You can request the permit and submit the appeal within 60 days from the date on which the decision of the Court of Appeal was made. Within this deadline you have to submit to the registry office of the Court of Appeal your letter of appeal, addressed to the Supreme Court and containing both the request for permit and the appeal. The documents you use as evidence for the appeal have to be annexed to the letter of appeal.

You need to attend the hearing before or the Supreme Court if the court finds your presence necessary for the resolution of the case.

What rights do I have after the court sentence enters into force?

You will be informed when the offender is released, if there is a well-grounded reason to believe that he or she might be a danger to you. A notification may also be sent to any person in relation to whom the offender is under a restraining order (2). You do not have the right to intervene when a decision is made concerning the conditional or provisional release of the offender.

All the relevant information is provided in a language that you understand, free of charge.

More information:

· Criminal Procedure Act 689/1997 (Laki oikeudenkäynnistä rikosasioissa 689/1997; Lag om rättegång i brottmål 689/1997) – in English, Finnish and Swedish

· Code of Judicial Procedure 4/1734 (Oikeudenkäymiskaari 4/1734; Rättegångs Balk 4/1734) – in English, Finnish and Swedish

Notes:

1. Appeal document
The appeal document, which is addressed to the appropriate Court of Appeal, has to indicate:
· the District Court decision that is being appealed;
· which points of the decision of the District Court are appealed;
· what changes are requested in the decision of the District Court;
· what are the reasons for the changes and how, in the view of the appellant, the statement of the
· reasons of the District Court is erroneous;
· the grounds for granting a permit to continue the proceedings in cases such is required;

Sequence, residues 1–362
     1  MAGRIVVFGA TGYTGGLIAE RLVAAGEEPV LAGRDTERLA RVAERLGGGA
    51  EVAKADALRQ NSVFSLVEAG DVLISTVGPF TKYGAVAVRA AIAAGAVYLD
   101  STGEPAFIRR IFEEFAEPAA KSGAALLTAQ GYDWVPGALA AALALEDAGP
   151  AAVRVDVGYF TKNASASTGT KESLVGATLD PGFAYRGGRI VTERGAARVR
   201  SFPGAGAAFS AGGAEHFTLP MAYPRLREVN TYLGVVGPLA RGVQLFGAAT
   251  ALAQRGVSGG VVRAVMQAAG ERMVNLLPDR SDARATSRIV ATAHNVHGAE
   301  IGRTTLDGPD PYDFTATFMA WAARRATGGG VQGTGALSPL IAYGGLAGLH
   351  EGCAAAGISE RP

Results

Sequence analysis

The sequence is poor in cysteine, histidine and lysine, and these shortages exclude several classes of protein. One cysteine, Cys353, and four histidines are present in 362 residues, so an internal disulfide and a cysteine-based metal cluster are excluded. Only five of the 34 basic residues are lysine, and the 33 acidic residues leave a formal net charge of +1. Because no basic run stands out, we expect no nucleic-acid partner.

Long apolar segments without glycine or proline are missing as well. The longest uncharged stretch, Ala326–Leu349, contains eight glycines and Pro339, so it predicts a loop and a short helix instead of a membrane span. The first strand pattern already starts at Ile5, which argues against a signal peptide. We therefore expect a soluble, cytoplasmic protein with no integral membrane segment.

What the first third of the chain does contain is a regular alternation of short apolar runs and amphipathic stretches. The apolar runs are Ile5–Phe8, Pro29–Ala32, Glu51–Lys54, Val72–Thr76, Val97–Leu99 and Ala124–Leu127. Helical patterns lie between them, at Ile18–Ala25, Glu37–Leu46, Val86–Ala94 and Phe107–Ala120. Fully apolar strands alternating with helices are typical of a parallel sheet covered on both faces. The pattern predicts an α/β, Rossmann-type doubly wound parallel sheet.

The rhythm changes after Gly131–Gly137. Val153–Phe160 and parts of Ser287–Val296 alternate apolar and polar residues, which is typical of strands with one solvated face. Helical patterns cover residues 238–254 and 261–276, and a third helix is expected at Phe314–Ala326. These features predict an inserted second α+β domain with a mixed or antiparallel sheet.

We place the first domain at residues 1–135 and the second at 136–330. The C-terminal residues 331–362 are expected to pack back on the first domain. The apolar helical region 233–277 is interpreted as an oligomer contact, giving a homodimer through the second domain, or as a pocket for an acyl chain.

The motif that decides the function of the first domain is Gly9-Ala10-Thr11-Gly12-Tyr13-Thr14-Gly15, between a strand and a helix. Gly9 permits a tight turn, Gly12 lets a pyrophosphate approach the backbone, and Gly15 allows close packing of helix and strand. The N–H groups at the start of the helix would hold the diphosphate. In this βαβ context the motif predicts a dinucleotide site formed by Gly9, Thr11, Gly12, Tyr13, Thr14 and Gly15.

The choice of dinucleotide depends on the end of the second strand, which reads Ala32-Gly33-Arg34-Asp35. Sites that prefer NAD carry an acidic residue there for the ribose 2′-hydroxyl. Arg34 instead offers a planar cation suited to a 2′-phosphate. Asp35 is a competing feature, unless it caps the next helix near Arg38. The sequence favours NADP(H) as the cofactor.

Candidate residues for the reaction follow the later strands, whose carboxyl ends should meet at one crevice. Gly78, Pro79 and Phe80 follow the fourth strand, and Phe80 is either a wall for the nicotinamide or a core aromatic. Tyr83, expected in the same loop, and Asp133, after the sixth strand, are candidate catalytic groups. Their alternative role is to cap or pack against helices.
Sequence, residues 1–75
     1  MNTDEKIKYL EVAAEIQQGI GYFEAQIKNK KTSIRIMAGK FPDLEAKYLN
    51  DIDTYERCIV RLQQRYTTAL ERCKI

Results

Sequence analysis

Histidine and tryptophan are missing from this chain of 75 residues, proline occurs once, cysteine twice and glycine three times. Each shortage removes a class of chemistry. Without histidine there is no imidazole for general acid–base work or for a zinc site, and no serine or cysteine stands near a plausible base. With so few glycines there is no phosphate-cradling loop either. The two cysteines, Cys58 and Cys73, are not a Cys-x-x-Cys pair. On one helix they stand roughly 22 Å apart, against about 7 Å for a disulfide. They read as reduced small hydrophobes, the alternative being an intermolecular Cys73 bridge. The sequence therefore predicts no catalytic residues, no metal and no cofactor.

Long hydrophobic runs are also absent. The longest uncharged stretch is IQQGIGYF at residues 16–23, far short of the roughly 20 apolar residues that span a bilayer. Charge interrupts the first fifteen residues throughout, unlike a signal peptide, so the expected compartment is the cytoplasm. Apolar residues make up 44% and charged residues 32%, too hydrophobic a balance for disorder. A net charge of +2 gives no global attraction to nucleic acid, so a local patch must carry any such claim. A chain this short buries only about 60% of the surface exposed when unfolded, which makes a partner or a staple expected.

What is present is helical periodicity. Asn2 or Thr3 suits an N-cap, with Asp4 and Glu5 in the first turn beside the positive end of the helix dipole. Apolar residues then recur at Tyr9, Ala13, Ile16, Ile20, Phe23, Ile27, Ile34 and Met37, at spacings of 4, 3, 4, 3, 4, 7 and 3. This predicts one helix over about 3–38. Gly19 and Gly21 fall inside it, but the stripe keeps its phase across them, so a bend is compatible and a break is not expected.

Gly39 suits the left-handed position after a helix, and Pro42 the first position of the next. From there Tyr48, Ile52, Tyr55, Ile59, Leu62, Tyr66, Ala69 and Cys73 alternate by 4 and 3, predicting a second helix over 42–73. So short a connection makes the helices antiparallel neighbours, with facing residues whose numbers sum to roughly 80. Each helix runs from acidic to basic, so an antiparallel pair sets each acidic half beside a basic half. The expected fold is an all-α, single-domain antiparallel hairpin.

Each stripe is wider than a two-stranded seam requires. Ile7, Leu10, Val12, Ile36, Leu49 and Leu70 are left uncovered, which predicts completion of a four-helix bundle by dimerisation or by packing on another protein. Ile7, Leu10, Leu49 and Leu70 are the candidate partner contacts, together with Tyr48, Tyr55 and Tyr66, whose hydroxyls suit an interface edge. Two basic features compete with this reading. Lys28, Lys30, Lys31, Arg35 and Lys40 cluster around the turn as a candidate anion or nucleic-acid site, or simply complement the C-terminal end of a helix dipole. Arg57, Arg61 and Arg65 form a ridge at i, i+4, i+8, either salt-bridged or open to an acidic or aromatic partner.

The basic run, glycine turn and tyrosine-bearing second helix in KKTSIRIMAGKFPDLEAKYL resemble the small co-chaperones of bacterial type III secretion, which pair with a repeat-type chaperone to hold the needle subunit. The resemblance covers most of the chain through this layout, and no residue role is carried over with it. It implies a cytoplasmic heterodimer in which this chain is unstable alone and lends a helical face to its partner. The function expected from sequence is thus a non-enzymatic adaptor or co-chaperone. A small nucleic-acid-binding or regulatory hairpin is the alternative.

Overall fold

· the evidence referred to and what the appellant intends to prove with each piece of evidence, a request for the holding of a main hearing at the Court of Appeal and your opinion on whether the parties should be heard in person during the main hearing, and which witnesses, expert witnesses or other persons have to be heard during the main hearing;
· the names of the parties and contact information of their legal representatives, attorneys or counsel;
· the postal address and other addresses to which the exhortations, invitations and notifications
· pertaining to the case may be delivered to you (address for service).
The appeal document must be signed by you or by the person who has drawn it up on your behalf.

2. Restraining order
If you feel threatened or harassed you can apply for a restraining order on the person threatening you. A restraining order means that to protect your life, health, freedom or peace, another person is ordered not to contact you. A restraining order may be imposed also when the person protected by the order and the person on whom the restraining order is imposed live in the same household.
The application can be made in writing or orally to the police or at the district court. It is the District Court that decides on the matter. A temporary restraining order, which enters into force immediately, can also be issued by a civil servant with the right to arrest a person (a senior policeman or a public prosecutor) or by the District Court.
If you are in a situation in which you are under a threat and you feel that you need a restraining order, you can get advice and help from the police, the social service authorities, the public prosecutor and voluntary organisations.
Last update: 14/10/2018